Cultural training has taken a bad rap.
What do I mean? It’s an optional “soft skill,” something you address if you have surplus in your budget and you’re looking for a feel-good team activity. In other words, it’s inconsequential. It can’t possibly affect P&L.
Oh, is that right? If you really believe that, I think you’re dead wrong.
Imagine this. Here we have a culturally diverse work team working on a high-stakes innovative project with “must-have” deliverables. Tension has been building because of a series of cultural miscues and misplays, and suddenly there’s a blowup, there’s an ugly rupture.
What’s happens next?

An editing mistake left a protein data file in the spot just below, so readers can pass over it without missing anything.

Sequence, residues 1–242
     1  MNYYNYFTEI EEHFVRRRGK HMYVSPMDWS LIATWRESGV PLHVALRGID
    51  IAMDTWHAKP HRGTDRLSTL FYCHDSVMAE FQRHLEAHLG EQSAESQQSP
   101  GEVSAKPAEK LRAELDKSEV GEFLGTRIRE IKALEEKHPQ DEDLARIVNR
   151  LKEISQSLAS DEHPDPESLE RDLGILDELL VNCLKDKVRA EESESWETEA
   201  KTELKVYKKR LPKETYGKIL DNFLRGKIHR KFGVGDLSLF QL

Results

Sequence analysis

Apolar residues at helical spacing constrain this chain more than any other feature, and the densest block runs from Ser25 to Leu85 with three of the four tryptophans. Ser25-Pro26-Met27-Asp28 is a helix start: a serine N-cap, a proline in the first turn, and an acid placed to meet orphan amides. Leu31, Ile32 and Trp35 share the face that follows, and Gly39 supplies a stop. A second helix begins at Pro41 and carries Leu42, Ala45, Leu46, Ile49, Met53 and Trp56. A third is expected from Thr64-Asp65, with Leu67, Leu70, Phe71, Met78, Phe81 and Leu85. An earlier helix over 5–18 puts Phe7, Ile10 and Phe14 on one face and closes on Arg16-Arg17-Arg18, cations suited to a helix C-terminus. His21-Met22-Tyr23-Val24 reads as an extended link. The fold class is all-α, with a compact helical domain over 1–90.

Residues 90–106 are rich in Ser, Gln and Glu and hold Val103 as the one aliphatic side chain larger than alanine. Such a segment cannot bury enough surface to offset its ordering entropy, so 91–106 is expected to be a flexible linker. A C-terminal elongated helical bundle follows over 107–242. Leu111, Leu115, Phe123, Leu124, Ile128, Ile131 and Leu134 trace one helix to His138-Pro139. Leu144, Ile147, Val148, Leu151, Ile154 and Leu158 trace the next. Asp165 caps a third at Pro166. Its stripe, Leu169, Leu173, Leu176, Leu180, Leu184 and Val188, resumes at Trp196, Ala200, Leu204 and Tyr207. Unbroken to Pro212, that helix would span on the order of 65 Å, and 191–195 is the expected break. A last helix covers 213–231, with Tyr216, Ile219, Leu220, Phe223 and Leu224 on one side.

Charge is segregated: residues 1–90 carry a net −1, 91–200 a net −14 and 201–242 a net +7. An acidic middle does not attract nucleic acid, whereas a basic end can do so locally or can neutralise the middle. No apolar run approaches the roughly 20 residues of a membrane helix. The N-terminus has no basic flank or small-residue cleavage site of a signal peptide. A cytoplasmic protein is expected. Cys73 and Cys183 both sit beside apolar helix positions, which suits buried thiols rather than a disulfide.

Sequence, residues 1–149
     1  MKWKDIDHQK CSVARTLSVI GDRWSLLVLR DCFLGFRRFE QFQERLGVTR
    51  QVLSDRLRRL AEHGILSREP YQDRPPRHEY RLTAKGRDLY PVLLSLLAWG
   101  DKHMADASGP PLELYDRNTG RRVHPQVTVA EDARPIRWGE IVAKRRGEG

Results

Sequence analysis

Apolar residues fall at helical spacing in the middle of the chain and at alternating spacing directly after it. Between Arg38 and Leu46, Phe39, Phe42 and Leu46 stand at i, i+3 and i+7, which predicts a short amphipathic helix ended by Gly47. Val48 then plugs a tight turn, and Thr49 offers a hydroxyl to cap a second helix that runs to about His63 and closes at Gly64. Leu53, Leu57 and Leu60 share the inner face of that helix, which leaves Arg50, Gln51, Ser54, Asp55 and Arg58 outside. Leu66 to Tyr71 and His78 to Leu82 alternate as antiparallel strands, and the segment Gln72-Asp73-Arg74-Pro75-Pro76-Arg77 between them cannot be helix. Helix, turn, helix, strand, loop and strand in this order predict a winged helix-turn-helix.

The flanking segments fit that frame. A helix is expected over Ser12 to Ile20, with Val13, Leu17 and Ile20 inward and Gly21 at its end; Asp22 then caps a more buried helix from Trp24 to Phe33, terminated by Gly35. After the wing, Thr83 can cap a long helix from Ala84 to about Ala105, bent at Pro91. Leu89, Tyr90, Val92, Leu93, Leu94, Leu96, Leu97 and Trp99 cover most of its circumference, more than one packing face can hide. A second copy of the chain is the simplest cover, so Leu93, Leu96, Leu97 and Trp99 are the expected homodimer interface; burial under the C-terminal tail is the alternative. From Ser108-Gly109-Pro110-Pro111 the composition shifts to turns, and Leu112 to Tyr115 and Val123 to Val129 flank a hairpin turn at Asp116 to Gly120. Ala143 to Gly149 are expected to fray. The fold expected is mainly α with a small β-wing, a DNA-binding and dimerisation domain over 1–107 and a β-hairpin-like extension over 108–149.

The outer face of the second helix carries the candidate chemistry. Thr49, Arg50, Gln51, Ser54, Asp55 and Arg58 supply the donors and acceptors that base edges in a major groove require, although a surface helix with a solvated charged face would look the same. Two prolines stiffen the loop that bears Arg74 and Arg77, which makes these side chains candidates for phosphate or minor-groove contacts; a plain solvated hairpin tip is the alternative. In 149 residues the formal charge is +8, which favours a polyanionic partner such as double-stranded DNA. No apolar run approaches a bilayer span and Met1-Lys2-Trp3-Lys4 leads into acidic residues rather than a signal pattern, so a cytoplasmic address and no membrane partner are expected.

Team members choose either “fight” or “flight.” But the result is always the same. Relationally speaking, they step away from each other. The team no longer feels safe. The trust level goes down the toilet.
Now, that’s a problem. Why? Trust is the new global currency.
When trust goes down on any work team, the speed of the project goes down, and what happens to costs? Costs go UP. That means that somebody who really cares about the bottom line is not going to be very happy.
When trust goes up, the speed of the project goes up, and—guess what!—costs go…DOWN. If that isn’t good news to senior leadership, then they must not care that much about P&L.
That’s why I shamelessly argue that culture affects the bottom line. It’s just that it sneaks up on us and we find ways to blame the bad numbers on other things.
Cultural misunderstandings are inevitable, but when we ignore them, they are one of the most potent silent killers of success in global business.